View Full Version : Filling out the person
12-05-2011, 1:06 PM
Hi I was just wondering after find the basic records for someone in your tree, how do you fill out there lifes do you search local papers? or other means of getting a more indepth look into your family?
12-05-2011, 1:17 PM
I would strongly recommend a trip to the library to borrow a book on genealogy. Try Ancestral Trails. The Dewey Decimal reference for genealogy is 929.1
12-05-2011, 1:32 PM
12-05-2011, 3:18 PM
I find reading local and social histories about the locations and times my ancestors lived in to be very rewarding. Among other things, you can learn about political issues of the day, disease outbreaks, notable weather events, etc... Also, any information on their occupations can give you insight into how they spent their days making a living - e.g., would they have owned their own tools, could they have worked from home, would other family members have played a role, and the like. You may not find much (or anything) that mentions your ancestors by name, but these types of resources can tell you a good deal about the world they lived in.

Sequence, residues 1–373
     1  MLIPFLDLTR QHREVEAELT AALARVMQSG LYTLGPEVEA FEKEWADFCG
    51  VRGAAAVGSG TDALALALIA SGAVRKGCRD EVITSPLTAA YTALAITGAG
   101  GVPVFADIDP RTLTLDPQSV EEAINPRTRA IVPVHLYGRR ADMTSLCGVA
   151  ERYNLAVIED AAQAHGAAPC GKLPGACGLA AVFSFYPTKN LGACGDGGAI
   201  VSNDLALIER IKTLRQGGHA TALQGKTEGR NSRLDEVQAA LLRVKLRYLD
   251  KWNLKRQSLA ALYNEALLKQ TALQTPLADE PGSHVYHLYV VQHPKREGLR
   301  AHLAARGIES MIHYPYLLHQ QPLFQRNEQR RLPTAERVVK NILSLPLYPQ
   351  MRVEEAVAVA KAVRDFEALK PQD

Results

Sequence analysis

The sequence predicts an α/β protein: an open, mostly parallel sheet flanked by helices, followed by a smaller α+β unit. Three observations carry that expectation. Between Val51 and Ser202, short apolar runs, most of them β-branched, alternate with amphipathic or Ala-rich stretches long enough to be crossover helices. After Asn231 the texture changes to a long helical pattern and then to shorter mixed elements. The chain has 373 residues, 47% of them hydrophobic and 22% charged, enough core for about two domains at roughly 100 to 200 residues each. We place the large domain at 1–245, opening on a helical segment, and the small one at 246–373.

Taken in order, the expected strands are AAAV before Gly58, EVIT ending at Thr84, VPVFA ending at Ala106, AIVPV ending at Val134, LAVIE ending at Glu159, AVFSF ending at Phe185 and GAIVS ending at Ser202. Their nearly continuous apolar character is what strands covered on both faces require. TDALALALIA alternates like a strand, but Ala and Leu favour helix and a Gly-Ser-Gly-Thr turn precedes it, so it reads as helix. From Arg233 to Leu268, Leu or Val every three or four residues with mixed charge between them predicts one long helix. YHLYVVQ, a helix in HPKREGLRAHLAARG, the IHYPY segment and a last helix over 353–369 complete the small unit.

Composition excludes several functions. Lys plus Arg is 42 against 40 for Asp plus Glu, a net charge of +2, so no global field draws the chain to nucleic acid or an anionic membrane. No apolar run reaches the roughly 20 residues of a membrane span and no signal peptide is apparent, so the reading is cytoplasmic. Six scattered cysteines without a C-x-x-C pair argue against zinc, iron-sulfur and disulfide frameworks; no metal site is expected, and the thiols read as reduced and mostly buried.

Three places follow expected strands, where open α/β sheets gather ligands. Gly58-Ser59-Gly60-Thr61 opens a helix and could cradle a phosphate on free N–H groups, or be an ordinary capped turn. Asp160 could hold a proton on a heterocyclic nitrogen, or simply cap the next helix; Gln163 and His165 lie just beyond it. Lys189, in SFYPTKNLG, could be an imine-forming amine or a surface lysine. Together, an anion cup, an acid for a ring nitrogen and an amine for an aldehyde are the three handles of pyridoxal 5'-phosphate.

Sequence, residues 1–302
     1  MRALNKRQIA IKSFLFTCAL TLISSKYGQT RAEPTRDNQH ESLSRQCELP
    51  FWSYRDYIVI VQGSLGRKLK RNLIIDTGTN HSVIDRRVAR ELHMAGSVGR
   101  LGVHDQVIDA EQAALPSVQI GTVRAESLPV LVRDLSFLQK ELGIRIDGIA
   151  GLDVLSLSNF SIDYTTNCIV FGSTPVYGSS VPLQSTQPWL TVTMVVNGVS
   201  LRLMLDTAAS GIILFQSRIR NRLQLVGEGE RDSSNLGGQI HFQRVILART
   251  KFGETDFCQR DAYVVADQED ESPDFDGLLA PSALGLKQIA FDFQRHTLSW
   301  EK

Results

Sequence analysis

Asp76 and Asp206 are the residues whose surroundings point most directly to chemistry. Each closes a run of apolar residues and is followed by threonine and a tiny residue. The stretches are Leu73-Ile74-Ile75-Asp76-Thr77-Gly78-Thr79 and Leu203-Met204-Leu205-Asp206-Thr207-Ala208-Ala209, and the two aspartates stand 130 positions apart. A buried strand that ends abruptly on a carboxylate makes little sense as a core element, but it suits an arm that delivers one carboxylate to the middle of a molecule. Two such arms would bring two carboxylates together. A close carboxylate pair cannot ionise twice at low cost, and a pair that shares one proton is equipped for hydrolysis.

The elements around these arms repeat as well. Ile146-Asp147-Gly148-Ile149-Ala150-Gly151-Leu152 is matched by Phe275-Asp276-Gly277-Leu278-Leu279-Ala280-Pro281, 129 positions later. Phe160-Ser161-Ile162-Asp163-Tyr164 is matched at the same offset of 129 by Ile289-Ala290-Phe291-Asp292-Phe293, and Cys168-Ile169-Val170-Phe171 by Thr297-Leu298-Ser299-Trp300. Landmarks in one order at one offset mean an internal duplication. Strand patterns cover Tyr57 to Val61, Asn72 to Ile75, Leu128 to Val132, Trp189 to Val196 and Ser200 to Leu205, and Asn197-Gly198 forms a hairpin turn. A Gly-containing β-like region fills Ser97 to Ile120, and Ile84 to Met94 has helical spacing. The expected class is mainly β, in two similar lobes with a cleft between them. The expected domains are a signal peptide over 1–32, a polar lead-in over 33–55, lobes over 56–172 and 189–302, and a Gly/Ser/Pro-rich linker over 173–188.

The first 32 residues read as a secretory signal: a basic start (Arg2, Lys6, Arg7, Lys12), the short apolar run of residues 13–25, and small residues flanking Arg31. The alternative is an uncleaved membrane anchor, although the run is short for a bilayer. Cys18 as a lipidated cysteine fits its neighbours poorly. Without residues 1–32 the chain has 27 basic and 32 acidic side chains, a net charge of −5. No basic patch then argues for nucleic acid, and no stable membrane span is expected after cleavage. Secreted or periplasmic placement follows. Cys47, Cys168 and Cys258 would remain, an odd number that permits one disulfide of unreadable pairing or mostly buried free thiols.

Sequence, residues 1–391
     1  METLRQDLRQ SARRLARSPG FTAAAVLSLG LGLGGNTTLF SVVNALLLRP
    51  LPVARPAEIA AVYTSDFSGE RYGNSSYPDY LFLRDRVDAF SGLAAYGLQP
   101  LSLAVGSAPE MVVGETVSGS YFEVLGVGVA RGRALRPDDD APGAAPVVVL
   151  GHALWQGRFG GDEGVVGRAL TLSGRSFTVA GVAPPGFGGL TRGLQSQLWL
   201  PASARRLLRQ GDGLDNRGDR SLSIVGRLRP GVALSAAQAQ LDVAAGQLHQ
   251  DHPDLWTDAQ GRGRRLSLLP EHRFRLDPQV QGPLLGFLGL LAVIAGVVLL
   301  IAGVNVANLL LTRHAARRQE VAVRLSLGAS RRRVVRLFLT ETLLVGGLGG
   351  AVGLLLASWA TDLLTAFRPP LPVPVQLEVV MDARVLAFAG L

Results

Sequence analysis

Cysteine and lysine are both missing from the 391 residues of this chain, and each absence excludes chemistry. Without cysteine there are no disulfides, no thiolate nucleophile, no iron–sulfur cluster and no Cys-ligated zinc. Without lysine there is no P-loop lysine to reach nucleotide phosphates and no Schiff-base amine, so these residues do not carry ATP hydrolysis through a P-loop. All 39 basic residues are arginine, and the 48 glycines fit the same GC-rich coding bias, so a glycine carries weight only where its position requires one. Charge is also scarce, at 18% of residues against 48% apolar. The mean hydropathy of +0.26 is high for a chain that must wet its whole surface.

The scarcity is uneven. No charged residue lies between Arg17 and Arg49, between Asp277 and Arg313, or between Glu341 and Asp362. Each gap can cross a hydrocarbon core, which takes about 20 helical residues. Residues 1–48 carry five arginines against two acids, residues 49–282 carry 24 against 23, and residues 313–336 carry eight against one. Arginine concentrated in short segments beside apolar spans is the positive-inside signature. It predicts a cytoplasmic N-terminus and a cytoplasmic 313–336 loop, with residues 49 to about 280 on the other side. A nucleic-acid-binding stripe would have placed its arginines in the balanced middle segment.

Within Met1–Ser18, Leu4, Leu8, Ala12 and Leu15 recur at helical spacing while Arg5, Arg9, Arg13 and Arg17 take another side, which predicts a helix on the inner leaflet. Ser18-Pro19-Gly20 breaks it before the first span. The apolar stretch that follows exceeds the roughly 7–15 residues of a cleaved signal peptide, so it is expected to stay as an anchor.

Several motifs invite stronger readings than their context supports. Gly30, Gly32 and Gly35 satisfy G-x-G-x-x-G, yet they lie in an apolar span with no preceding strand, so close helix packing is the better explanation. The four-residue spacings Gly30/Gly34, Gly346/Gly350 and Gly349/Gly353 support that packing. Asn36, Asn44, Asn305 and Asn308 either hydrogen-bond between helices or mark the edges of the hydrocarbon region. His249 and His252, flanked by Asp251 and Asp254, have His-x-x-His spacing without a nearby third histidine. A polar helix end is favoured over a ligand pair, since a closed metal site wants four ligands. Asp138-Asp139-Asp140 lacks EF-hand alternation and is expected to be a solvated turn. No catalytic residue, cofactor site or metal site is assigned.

Hope this helps -
12-05-2011, 3:23 PM
I personally find period dramas on the TV very interesting, particularly the ones about more "normal" families like "Lark Rise to Candleford". I know critics said that particular programme was inaccurate to a year or 2 about when events happened and so on, but I found it invaluable to give me a sense of how my ancestors at that time would have lived.